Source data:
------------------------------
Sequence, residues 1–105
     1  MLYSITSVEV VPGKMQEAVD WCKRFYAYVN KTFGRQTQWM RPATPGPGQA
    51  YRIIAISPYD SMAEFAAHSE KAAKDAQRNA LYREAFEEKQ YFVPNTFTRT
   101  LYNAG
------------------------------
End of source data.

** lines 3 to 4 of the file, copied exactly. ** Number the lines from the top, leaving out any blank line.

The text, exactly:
    51  YRIIAISPYD SMAEFAAHSE KAAKDAQRNA LYREAFEEKQ YFVPNTFTRT
   101  LYNAG